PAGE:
Please use this identifier to cite or link to this item: http://bura.brunel.ac.uk/handle/2438/14262
Title: Political institutions, lobbying and corruption
Authors: Campos, NF
Keywords: Lobbying;Corruption;Political institutions
Issue Date: 2017
Publisher: Cambridge University Press (CUP)
Citation: Journal of Institutional Economics,(2017)
Abstract: Although firms use various strategies to try to influence government policy, with lobbying and corruption chiefly among them, and political institutions play an important role in determining this choice, very little research has been devoted to these topics. This paper tries to fill this gap. Using cross-country enterprise-level data, it investigates (a) the effect of a key political institution, namely electoral rules, on the probability that a firm engages in lobbying activities and (b) the impact of lobbying on influence, accounting for corruption and political institutions. The main conclusion is that lobbying is a significantly more effective way of generating political influence than corruption, and that electoral rules are a key mediating political institution. Our baseline estimate is that the probability of influencing government policy is 16% higher for firms that are members of lobbying groups compared to those firms that are not.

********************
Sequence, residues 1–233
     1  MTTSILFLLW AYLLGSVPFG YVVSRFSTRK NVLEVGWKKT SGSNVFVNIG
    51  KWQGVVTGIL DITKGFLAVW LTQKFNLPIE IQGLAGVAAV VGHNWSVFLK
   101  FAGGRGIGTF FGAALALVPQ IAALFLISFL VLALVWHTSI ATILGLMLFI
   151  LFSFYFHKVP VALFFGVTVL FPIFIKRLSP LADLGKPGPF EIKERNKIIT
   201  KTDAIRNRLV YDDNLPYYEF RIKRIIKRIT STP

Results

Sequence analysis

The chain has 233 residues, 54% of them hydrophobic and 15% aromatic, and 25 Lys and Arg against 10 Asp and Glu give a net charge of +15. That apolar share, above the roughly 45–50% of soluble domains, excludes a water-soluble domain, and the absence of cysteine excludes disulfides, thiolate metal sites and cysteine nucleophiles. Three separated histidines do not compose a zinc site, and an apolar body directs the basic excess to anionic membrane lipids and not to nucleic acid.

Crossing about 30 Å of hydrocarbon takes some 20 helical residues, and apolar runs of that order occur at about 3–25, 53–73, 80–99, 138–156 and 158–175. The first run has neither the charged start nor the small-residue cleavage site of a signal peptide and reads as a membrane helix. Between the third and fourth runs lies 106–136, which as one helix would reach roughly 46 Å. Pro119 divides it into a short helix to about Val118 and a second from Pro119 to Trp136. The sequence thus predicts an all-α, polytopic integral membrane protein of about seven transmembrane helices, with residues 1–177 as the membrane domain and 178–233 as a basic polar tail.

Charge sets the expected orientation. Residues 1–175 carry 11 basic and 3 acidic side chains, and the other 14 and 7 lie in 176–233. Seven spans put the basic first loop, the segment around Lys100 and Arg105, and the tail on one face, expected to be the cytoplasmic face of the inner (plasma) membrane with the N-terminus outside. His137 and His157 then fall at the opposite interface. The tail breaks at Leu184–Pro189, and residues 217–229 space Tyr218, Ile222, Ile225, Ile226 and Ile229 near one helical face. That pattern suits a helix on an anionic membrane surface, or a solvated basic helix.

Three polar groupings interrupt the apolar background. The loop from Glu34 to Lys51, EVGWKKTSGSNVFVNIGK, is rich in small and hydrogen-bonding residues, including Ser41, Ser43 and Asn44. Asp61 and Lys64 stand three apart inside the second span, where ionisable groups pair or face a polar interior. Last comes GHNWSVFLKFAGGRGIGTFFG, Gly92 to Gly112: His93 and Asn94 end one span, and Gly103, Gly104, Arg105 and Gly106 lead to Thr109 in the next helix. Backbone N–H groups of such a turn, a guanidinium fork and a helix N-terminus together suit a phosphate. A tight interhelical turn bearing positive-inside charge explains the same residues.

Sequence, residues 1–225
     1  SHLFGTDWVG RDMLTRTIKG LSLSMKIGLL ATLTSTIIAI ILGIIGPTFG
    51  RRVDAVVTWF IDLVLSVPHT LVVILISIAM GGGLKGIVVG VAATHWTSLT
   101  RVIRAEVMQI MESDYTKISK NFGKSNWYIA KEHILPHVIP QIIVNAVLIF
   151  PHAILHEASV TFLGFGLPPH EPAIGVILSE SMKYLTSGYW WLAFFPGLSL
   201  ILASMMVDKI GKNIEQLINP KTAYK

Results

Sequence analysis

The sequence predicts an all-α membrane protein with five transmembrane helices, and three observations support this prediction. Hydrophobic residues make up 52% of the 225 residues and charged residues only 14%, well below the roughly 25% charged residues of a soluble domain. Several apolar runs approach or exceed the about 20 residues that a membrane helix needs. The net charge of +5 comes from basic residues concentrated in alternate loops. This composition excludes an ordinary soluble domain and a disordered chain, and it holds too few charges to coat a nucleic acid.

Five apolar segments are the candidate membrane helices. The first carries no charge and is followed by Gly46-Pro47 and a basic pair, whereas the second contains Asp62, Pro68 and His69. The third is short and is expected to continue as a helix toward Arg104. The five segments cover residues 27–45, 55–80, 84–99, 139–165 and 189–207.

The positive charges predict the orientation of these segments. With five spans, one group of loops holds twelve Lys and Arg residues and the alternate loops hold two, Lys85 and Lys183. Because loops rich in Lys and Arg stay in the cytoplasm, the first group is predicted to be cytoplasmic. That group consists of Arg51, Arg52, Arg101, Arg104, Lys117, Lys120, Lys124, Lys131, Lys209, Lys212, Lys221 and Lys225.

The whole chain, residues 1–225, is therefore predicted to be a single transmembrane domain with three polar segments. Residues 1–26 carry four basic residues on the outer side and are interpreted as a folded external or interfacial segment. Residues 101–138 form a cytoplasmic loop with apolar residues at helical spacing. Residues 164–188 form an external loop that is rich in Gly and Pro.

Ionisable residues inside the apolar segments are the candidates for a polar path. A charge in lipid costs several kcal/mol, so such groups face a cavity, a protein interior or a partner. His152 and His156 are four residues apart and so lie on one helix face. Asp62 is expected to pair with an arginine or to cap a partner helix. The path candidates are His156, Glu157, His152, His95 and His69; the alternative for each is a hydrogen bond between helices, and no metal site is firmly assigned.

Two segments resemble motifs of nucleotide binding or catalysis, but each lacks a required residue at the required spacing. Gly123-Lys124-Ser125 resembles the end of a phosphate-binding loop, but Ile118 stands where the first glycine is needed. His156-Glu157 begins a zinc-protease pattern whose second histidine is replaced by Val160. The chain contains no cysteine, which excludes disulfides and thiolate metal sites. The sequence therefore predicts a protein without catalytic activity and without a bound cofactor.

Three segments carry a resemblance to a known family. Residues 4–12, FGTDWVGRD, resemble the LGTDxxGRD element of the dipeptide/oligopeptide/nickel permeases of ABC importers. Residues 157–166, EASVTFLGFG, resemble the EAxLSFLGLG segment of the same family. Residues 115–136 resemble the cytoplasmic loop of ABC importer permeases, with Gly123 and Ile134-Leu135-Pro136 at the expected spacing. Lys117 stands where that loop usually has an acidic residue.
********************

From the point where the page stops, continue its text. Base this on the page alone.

URI: http://bura.brunel.ac.uk/handle/2438/14262
ISSN: 1744-1374
Appears in Collections:Dept of Economics and Finance Research Papers

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